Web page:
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Michael Fabricant: To ask the Secretary of State for Health how many civil servants and what percentage of the total civil service work force in his Department will be relocated over the next five years (a) outside the M25, (b) to the West Midlands and (c) to Staffordshire. 
Ms Rosie Winterton: The Lyons report gives details of the Department's relocations plans, which are being taken forward and refined as part of the spending review. The Government will announce proposals for implementing and monitoring the dispersal plans in the review. The Department will then decide on its dispersal strategy in light of its business needs and priorities.
Tony Lloyd: To ask the Secretary of State for Health what representations he has received about the impact of the recommendations of the Royal College of Physicians on domiciliary oxygen services on cluster headache sufferers; and if he will make a statement. 
Ms Rosie Winterton
[holding answer 22 June 2004]: Representations have been received from the organisations Headache UK and Ouch (Organisation for the Understanding of Cluster Headaches) about the changes to the domiciliary oxygen service which will be introduced next year. Patients suffering from cluster headaches will continue to be able to receive the oxygen service which they need.
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Chris Ruane: To ask the Secretary of State for Health how many dentists per 10,000 head of population there have been in each of the past 25 years; and what the projection is for the next five years. 
Ms Rosie Winterton [holding answer 4 June 2004]: There are no plans to introduce free dental care for pensioners. It is the Department's policy to offer help with health costs based upon a person's income.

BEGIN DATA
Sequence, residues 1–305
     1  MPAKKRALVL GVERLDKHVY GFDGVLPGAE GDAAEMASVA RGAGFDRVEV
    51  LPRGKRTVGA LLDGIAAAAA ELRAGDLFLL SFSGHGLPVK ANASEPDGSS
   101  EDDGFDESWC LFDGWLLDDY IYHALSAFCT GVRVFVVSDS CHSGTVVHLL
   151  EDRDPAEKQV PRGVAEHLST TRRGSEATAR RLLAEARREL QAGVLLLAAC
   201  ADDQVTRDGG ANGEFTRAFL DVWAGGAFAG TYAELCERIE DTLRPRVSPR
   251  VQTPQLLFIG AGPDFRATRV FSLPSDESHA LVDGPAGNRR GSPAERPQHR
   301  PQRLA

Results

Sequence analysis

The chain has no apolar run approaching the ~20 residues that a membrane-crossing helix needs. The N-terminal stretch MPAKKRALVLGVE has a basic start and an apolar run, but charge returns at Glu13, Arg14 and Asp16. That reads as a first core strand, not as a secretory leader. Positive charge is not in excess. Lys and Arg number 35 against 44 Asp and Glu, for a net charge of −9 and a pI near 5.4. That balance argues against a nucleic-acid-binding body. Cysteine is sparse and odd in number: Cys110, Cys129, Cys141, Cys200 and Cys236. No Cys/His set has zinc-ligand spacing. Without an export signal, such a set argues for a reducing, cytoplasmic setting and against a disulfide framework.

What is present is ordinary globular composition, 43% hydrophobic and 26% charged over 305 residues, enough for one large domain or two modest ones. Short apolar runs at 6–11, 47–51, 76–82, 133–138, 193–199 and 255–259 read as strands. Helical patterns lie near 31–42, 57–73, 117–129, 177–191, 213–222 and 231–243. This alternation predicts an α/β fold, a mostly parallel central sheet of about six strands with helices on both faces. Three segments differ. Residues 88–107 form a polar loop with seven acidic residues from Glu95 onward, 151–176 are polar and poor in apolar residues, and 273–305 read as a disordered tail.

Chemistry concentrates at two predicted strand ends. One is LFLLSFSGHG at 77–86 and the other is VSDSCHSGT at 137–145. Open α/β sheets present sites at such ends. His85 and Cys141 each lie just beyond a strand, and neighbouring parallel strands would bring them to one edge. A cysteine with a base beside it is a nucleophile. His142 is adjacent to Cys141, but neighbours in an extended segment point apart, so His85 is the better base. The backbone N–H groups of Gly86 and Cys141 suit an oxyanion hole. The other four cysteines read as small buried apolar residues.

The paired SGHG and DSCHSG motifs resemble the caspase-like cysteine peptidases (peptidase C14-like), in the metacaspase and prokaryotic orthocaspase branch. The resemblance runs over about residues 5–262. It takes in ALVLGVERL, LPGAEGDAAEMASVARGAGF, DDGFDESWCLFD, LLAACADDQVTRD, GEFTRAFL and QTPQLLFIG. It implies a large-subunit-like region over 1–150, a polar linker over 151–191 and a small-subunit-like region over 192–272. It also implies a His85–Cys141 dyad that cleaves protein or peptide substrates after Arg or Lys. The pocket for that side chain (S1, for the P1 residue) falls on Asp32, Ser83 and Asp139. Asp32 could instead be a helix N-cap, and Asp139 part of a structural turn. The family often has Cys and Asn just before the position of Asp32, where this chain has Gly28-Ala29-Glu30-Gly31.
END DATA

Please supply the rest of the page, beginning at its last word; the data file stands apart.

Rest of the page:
Mr. Drew: To ask the Secretary of State for Health if he will set out, with statistical evidence relating as closely as possible to the Stroud constituency, the effects of changes to departmental policy since 1997 on the Stroud constituency. 
Ms Rosie Winterton:
The Government has put in place a programme of National Health Service investment and reform since 1997 to improve service
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delivery in all parts of the United Kingdom. There is significant evidence that these policies have yielded considerable benefits for the Stroud constituency.
At the end of March 2004, the number of people waiting more than nine months for inpatient treatment within Cotswold and Vale Primary Care Trust (PCT) has fallen to zero, from 113 in June 2002.
At the end of March 2004, the number of patients waiting over 13 weeks for outpatient treatment within Cotswold and Vale PCT has fallen to 83, from 396 in June 2002.
In 2002, at Gloucestershire Hospitals NHS Trust, 87.1 per cent., of patients spent less than four hours in accident and emergency from arrival to admission, transfer or discharge. Figures for December 2003 show an improvement to 94.2 per cent.